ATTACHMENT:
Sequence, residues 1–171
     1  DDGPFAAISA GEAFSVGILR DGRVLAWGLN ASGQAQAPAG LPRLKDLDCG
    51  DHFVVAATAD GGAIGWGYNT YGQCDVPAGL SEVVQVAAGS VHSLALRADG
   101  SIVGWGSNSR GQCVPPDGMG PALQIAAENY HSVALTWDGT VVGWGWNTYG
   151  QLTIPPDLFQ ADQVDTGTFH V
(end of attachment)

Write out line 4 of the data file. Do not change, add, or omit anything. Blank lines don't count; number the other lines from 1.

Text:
   101  SIVGWGSNSR GQCVPPDGMG PALQIAAENY HSVALTWDGT VVGWGWNTYG